https://astromart.com/classifieds/a...00-mm-45-90-degree-ed-apo-bino-special-prices
 

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PeterPS

MEMBER
No and 1/2 no.

At $3,900/2 i.e. $1,950, I might be willing to have half a Nikon WX 10x50 if someone buys the other half.

A whole Nikon WX is too heavy for me nowadays.

B.

That was the heavily discounted price. Current price in the US appears to be 6300$:
https://www.opticsplanet.com/nikon-wx-10x50-if-astronomy-binocular.html
or 8100 gbp if you prefer to buy directly from the Nikon-UK:
https://store.nikon.co.uk/sport-optics-binoculars/wx-10x50-if/BAA855WA/details
 

PeterPS

MEMBER
Canip and Holger:

Perhaps a relatively minor aspect but one reviewer complained about side light affecting the view, and felt the need of using winged eyecups. Are the eyecups of the WX comfortable and can you squeeze them into your eye sockets? (they appear to have a relatively large diameter).

Thanks, Peter
 

Canip

Well-known member
I have never felt that side light affected the view negatively in the WX. I find the eyecups quite comfortable, despite their large diameter, but I never „squeeze them into my eye sockets“ ever (I don‘t do that either with any other binocular, btw). ;)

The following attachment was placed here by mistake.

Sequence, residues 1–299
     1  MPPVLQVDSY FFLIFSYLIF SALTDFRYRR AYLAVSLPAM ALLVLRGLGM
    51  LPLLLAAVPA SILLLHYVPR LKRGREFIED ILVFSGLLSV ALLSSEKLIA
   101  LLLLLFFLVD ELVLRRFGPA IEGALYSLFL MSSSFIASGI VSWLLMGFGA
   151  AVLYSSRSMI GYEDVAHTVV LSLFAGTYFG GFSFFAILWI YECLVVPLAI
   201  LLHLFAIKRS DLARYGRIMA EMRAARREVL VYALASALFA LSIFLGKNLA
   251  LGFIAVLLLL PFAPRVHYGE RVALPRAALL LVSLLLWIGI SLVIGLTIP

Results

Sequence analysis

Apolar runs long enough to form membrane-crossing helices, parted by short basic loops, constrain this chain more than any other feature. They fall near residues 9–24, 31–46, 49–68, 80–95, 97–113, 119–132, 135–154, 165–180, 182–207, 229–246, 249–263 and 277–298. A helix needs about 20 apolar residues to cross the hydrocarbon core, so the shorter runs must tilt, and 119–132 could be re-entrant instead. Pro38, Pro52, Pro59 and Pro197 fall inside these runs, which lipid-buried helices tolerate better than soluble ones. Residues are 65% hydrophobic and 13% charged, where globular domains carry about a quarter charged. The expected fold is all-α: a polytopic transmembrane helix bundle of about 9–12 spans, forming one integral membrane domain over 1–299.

Canip
 

Patudo

Well-known member
I've now been able to use the 10x version a number of times for long distance raptor observation. I've been meaning to write up a proper report on the other thread, but in short - the viewing experience it offers is quite unlike anything else. The huge field of view that is practically all sweet spot amazes me whenever I look through it. Ease of view and depth of field are tremendous.

It can be used hand held reasonably satisfactorily if you can brace your elbows on something solid, but is at its absolute best tripod mounted. On this day - having to view through the glass window that can be seen in the photo - I was able to see a peregrine coming up from a building some 3.6km away and follow it for a couple of minutes till it vanished into the distance.
 

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[email protected]

Well-known member
Supporter
I've now been able to use the 10x version a number of times for long distance raptor observation. I've been meaning to write up a proper report on the other thread, but in short - the viewing experience it offers is quite unlike anything else. The huge field of view that is practically all sweet spot amazes me whenever I look through it. Ease of view and depth of field are tremendous.